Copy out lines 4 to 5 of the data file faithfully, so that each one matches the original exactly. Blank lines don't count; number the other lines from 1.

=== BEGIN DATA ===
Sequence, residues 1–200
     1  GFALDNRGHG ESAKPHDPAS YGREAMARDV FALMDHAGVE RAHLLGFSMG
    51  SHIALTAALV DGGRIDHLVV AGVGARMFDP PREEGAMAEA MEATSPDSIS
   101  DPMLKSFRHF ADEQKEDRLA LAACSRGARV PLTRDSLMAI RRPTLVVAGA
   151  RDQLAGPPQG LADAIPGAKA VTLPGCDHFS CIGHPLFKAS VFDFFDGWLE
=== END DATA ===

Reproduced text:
   101  DPMLKSFRHF ADEQKEDRLA LAACSRGARV PLTRDSLMAI RRPTLVVAGA
   151  RDQLAGPPQG LADAIPGAKA VTLPGCDHFS CIGHPLFKAS VFDFFDGWLE